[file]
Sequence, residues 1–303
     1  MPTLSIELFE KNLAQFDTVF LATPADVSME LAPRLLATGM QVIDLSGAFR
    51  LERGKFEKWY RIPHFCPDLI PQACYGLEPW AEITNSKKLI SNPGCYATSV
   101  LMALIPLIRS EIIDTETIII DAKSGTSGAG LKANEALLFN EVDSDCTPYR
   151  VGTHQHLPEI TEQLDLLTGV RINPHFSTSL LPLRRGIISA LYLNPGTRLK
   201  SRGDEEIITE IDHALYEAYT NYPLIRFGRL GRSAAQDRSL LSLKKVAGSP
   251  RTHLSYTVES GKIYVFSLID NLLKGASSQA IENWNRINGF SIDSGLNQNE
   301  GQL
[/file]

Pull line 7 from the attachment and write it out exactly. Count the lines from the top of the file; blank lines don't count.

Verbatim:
   251  RTHLSYTVES GKIYVFSLID NLLKGASSQA IENWNRINGF SIDSGLNQNE